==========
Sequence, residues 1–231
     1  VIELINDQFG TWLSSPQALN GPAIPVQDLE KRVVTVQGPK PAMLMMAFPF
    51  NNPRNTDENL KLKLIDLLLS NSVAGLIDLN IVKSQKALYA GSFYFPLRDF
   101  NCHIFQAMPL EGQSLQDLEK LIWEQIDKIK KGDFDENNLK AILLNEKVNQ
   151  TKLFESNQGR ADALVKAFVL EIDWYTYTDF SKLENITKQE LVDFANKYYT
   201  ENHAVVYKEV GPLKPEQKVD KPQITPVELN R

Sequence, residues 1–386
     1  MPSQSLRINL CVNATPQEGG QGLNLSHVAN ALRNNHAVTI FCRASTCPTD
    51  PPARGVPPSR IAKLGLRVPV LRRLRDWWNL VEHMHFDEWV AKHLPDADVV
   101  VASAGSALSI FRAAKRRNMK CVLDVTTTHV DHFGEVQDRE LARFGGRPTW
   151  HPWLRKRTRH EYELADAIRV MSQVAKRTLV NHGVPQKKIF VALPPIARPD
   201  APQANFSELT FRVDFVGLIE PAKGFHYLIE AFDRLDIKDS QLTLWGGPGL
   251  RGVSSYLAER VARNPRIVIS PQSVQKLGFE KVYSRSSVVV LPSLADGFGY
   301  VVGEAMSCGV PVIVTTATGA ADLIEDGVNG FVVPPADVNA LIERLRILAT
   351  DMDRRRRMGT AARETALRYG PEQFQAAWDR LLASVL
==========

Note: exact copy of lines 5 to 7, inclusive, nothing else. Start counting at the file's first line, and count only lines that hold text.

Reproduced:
   151  TKLFESNQGR ADALVKAFVL EIDWYTYTDF SKLENITKQE LVDFANKYYT
   201  ENHAVVYKEV GPLKPEQKVD KPQITPVELN R

Sequence, residues 1–386